Sunday, September 27, 2009

France seeks to woo Islamic finance: AFP

As France debates whether to ban the burqa, the government is leading a drive to attract billions in investment from Muslim countries by turning Paris into the European capital of Islamic finance. The French parliament this month has approved changes to legislation to allow Islamic "sukuk" bonds to be issued and the Qatar Islamic Bank has applied to be the first such bank to open in France, reports AFP.

Home to Europe's biggest Muslim minority, France is hoping to unseat London as the European hub for Islamic banking, offering products that comply with Sharia law and meet the needs of big investors mostly from Gulf countries. But the drive is raising hackles, with some opposition politicians accusing the government of undermining France's much prized secularism to accommodate wealthy interests, the report said.
"When rich Muslims are concerned, we welcome them. But when they are poor, we put them on planes and deport them. This is all very upsetting," it quoted Socialist deputy Henri Emmanuelli.

After failing to garner enough votes to derail the bill, the Socialist opposition is challenging the legality of the new legislation on Islamic finance before the Constitutional Council. "We must not allow principles of Sharia law, or the ethics of the Koran to be introduced into French law," said Emmanuelli.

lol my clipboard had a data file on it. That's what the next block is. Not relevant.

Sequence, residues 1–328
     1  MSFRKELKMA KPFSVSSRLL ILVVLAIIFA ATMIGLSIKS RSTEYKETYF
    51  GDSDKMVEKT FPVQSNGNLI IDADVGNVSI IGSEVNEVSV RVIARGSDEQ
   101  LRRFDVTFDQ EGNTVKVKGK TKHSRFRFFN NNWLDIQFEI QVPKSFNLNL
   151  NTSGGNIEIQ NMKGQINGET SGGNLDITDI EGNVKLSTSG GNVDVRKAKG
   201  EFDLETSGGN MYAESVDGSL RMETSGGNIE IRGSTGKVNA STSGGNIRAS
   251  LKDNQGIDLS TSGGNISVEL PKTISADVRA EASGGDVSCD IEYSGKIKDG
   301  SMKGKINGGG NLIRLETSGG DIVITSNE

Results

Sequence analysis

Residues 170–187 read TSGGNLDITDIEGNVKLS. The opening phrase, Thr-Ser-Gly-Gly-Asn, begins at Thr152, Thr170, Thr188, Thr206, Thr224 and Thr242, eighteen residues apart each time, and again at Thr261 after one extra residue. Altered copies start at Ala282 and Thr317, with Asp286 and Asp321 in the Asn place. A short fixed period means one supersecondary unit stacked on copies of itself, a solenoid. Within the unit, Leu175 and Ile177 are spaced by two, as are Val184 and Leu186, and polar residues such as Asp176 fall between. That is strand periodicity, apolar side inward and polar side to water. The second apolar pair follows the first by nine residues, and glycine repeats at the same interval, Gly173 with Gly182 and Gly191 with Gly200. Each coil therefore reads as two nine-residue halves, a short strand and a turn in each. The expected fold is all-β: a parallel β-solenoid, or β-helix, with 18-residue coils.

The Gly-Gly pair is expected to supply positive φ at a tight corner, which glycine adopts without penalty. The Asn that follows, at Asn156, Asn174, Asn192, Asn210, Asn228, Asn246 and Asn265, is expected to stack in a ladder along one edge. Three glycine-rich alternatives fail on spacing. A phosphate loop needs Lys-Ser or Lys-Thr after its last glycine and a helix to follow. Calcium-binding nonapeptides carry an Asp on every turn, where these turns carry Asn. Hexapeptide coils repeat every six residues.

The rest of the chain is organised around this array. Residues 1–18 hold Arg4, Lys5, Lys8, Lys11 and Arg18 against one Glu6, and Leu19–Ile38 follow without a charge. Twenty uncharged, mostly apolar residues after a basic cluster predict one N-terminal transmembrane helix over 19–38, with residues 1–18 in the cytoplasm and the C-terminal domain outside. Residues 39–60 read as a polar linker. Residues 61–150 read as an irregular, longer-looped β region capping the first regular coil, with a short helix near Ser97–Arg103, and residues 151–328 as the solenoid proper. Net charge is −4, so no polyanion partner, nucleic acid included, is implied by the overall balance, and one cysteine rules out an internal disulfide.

The report added that economists argue that money raised through Islamic finance could help spur France's nascent recovery with tools that are seen as financially sounder than the high-risk derivatives that led to the 2008 global meltdown.
Elyes Jouini, an author of a report presented to the government last year, estimates that France could tap into 120 billion euros in capital from Islamic finance by making adjustments to its tax and banking laws.

Only seven billion euros of those would be raised domestically among France's five million Muslims.
"There are extremely important financial reserves in Gulf countries and southeast Asia and these countries are ready to invest anywhere but they have specific rules in terms of ethics and in terms of the choice of investment," said Jouini, the report said.

No comments: